Perhaps the foundation to tolerating the pain of a reality check is the stability of our self-esteem---our reliable sense of worth, even in times of failure. Because narcissists regulate high self-esteem via external validation described as 'narcissistic supply', they are susceptible to protecting inflated self-esteem from deflation with ego defenses. These ego defenses serve as sentinels against perceived threats or criticism jeopardizing the narcissist's grandiose self-image. Narcissistic grandiosity is a confabulated pretense against imperfection, failure, defeat and the misery of being 'ordinary'. Ordinary, to a narcissist equates to 'inferiority'.
Because both overt and covert narcissists manifest grandiosity, a corrective life event might challenge egotistical arrogance and adjust unrealistic self-perceptions, thus promoting change. A corrective life event might occur in one of three areas :
2-corrective interpersonal relationships
According to Ronningstam & Gunderson's research study, A Stable Disorder or a State of Mind?, the successful attainment of goals may "replace feelings of being underestimated and misunderstood". Achieving recognition for expertise or success in a particular area of interest, might lessen defensive grandiosity protecting the narcissist from unbearable affects resulting from failure, incompetence, insignificance. (Success and recognition might also increase grandiosity because the narcissist has proof that s/he's superior to others. But that's another essay).
The hope for change is that corrective achievements will lessen defensive arrogance, envy, and/or contempt towards successful 'others'. Achieving success in a specific area of interest may balance the narcissist's need for attention, admiration and applause.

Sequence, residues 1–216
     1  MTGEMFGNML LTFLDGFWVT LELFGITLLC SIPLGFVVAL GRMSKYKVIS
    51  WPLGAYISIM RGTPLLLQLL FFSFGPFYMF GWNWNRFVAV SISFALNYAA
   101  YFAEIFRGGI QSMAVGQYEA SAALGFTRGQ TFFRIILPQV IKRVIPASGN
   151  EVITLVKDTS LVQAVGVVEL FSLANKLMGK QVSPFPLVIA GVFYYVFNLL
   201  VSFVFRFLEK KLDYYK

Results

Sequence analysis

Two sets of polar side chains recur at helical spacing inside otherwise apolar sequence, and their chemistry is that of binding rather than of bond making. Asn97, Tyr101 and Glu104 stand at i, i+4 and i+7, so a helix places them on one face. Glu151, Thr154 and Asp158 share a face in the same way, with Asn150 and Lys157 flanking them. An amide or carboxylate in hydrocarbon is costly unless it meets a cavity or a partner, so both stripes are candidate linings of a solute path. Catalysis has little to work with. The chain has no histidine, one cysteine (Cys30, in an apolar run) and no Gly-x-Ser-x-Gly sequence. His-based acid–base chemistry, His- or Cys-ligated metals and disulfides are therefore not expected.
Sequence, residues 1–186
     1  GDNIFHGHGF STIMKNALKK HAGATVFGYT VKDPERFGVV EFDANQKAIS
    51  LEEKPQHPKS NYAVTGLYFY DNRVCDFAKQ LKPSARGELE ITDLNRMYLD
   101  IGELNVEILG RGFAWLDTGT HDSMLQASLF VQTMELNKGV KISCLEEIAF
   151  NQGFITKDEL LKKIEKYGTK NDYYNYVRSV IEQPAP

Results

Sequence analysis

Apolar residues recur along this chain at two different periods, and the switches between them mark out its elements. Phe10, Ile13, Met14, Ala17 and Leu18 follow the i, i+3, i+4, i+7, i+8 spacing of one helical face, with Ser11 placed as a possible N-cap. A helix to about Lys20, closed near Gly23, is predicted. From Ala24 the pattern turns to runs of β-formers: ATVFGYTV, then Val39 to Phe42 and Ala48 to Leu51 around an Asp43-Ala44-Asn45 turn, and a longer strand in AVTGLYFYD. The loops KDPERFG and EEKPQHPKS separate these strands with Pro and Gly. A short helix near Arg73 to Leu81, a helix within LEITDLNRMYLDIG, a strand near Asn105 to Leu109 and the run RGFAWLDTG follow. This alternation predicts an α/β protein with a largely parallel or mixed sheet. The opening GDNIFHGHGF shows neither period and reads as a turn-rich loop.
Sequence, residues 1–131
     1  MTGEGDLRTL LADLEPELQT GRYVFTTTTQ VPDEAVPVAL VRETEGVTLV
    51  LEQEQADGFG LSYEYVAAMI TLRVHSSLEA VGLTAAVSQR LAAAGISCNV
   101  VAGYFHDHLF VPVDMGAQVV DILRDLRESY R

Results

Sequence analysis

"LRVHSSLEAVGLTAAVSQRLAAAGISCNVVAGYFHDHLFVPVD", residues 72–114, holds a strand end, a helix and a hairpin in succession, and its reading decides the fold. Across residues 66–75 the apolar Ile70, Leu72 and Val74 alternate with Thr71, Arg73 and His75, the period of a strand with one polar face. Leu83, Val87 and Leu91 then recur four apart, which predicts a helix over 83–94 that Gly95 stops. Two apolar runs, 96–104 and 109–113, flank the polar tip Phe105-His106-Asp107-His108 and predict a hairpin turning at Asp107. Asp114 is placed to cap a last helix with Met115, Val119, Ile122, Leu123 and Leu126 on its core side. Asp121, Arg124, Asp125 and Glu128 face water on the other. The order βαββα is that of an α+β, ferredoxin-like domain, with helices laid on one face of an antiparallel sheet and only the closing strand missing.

Corrective Interpersonal Relationships:
Establishing a durable, interpersonal relationship may assist in countering narcissistic notions of self as defective and therefore, an undesirable partner. Mutuality lessens the narcissistic devaluation of other people, a defense against conscious awareness of envy or shame for not being able to create an intimate relationship. Based on research about the prognosis for lifelong NPD, an intimate partner might facilitate the narcissist's healthy change. (Ronningstam, 1996) Please note that her research is based on a three-year follow-up study tracking enduring changes in the narcissistic personality. (In my opinion, the most likely person to change in the narcissistic relationship is the partner. And not in a healthy manner. It all depends on whether the narcissist can find a willing sacrifice. But that's another essay).
The hope for change through corrective interpersonal relationships is that a committed relationship will encourage the narcissist to break through a resistance to trust others, be intimate with others, to stop resenting others, blaming others, and resisting the urge to view themselves as better than others. The hope for sustained change is that through a corrective interpersonal relationship, the narcissist will increase his/her capacity to tolerate the emotional fluctuations inherent to all intimate relationships and moderate rage or mistreatment in order to maintain the valued relationship.